Chinese President Xi Jinping says China has always helped Pakistan when it is in need and "the Chinese people will always stand by the Pakistani people."
In a televised address to Pakistan's parliament on April 21, the visiting Chinese president praised Pakistan and painted a picture of a special partnership between Beijing and its closest ally in South Asia.
In one of several allusions to Islamic militants and other security threats, Xi said the countries are linked by "similar suffering" and "shared struggles that have brought our hearts and minds together."
He praised Islamabad's counterterrorism efforts, saying China will "never forget" that Pakistan has "contributed greatly" to security along China's western border.
China is a leading arms supplier to Pakistan and has sought its help combating anti-Chinese Islamic separatists reportedly hiding in Pakistan's lawless tribal areas.
Xi is on a two-day visit to Pakistan.
Pakistani lawmakers punctuated Xi's speech with polite applause and table-thumping, and gave him a standing ovation at the end.
Military leaders and foreign ambassadors also attended the speech, which was shown live on state television.
On April 20, he and Pakistani Prime Minister Nawaz Sharif signed agreements to begin building the China-Pakistan Economic Corridor (CPEC), a network of roads, railway and pipelines linking western China with Pakistan's Arabian Sea coast.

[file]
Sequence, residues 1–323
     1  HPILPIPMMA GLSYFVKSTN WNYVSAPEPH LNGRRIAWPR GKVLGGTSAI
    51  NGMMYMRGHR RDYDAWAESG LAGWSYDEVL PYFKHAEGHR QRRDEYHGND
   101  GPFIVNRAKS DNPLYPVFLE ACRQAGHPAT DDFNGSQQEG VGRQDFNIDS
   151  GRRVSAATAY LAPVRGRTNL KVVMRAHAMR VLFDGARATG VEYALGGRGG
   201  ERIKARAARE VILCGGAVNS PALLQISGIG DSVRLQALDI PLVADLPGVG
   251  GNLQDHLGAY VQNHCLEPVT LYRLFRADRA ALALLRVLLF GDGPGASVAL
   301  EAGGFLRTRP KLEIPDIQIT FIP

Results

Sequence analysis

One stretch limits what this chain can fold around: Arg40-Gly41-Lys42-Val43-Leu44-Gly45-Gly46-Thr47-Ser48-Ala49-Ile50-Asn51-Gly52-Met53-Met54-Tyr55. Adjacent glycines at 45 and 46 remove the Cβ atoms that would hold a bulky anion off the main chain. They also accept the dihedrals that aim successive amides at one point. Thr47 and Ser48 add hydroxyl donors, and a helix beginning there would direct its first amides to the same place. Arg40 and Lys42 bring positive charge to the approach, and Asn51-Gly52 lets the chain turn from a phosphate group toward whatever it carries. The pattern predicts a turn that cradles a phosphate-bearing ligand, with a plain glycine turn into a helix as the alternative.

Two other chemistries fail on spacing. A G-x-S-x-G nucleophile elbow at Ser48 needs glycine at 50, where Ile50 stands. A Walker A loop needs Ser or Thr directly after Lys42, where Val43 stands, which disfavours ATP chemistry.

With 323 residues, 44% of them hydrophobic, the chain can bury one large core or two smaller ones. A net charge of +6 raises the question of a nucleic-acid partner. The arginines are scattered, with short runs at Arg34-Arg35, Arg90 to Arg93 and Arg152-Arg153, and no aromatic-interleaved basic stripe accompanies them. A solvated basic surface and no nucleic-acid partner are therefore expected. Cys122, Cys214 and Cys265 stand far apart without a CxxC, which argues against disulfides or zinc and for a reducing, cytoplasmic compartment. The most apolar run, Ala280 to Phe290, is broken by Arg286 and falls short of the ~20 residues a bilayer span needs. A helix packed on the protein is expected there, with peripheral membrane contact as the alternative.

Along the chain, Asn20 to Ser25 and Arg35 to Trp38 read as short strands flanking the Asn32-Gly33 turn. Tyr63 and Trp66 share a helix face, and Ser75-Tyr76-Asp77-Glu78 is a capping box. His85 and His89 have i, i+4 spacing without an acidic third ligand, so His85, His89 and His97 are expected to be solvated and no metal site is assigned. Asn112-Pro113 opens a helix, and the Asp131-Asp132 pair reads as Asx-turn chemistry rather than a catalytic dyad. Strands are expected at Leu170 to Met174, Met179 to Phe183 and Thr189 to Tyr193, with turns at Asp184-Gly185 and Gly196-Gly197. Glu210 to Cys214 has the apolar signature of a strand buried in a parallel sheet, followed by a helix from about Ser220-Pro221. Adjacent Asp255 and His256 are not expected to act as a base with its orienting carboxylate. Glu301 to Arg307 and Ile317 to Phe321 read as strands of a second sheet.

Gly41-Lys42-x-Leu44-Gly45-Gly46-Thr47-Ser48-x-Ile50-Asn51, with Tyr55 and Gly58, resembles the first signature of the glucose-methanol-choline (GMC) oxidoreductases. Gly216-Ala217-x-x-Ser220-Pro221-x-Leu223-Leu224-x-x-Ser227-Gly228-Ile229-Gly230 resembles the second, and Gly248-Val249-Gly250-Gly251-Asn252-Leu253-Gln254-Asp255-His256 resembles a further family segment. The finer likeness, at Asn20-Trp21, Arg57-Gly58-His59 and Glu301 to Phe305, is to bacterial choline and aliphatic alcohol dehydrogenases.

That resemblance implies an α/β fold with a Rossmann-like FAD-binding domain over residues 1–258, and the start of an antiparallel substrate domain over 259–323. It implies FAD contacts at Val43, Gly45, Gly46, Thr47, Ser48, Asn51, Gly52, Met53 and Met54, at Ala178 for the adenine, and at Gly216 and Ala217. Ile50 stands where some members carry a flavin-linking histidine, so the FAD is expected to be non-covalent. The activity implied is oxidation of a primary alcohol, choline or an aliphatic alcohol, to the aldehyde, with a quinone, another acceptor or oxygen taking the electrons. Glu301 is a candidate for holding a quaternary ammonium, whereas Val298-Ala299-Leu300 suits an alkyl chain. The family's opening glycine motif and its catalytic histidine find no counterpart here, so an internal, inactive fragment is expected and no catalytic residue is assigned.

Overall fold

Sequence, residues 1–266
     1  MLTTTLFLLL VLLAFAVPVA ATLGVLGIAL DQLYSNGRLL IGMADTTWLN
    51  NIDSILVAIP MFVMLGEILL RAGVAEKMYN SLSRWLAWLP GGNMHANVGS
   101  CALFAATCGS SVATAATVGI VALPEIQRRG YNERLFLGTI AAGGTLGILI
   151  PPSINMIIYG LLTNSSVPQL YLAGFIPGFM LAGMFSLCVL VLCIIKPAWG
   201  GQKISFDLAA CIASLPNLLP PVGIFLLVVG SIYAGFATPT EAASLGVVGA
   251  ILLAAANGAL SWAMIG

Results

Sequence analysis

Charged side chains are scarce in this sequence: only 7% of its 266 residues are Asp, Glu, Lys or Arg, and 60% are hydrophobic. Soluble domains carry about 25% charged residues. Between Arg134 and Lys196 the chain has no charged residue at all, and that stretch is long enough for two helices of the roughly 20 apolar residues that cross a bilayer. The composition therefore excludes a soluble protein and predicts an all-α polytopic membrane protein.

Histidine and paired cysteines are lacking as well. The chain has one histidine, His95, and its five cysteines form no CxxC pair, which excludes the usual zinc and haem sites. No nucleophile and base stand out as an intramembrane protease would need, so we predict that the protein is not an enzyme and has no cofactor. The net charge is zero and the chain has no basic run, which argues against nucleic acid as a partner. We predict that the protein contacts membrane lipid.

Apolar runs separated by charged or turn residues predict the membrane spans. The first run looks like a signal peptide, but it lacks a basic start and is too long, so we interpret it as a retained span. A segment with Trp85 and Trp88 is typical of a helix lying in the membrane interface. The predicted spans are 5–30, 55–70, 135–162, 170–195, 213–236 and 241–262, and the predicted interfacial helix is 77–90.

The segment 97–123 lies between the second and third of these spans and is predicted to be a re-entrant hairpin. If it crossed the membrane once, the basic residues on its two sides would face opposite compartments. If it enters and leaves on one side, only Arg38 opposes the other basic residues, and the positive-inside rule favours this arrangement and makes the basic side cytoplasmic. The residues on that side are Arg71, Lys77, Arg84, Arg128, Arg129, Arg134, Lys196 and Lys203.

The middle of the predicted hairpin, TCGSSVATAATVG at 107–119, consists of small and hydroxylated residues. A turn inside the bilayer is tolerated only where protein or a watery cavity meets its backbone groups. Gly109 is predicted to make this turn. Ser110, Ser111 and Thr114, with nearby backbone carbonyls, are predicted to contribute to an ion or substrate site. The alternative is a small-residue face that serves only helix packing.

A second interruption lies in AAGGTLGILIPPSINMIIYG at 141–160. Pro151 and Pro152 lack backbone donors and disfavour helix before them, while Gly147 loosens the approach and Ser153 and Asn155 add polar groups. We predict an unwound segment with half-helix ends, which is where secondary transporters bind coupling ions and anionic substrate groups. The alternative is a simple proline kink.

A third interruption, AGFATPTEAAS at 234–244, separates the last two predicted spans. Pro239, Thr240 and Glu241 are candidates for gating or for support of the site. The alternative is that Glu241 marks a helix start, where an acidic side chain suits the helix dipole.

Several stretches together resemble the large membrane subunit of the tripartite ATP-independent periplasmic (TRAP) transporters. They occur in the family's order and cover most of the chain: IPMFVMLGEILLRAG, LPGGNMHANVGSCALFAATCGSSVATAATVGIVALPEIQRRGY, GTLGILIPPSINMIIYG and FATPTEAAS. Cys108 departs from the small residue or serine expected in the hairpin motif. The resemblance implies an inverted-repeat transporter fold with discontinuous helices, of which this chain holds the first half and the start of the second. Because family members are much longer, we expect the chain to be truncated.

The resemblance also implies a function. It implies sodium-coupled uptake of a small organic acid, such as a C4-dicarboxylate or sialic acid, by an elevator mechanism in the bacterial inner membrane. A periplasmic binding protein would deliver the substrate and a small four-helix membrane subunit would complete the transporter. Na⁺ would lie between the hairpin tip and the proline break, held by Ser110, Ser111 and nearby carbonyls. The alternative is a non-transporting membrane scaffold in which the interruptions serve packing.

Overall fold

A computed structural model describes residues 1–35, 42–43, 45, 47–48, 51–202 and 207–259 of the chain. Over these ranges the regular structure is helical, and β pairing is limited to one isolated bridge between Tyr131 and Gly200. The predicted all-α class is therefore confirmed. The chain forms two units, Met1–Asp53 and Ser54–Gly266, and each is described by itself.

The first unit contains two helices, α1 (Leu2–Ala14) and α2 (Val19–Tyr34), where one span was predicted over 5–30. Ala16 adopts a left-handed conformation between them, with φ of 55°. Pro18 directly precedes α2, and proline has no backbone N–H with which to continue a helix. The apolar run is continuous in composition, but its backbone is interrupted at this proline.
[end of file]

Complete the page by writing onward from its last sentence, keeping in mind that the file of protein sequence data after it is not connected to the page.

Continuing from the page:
The corridor is part of China's aim to forge "Silk Road" land and sea ties to markets in the Middle East and Europe.
They launched energy and infrastructure projects valued at about $46 billion.
Pakistani Minister for Planning and Development Ahsan Iqbal said up to $37 billion of that would be spent on Pakistan's troubled electrical grid.
Iqbal said projects worth $28 billion were ready to be rolled out, while it will take three to five years for the rest of them to take start.
In his speech, Xi said such deals would bolster Pakistan's economy.
China and Pakistan have long maintained close political and military relations, based partly on mutual antipathy toward their common neighbor India.
But China and India have improved their ties recently, and Xi's visit appeared aimed in part to reassure Pakistan.
Xi called Pakistan a "great neighbor and a great friend" and said the countries share an "all-weather friendship."
The Chinese president had planned to visit last year but postponed the trip due to anti-government protests in Pakistan, and instead traveled to India.
Indian Prime Minister Narendra Modi is expected to visit Beijing in the coming weeks.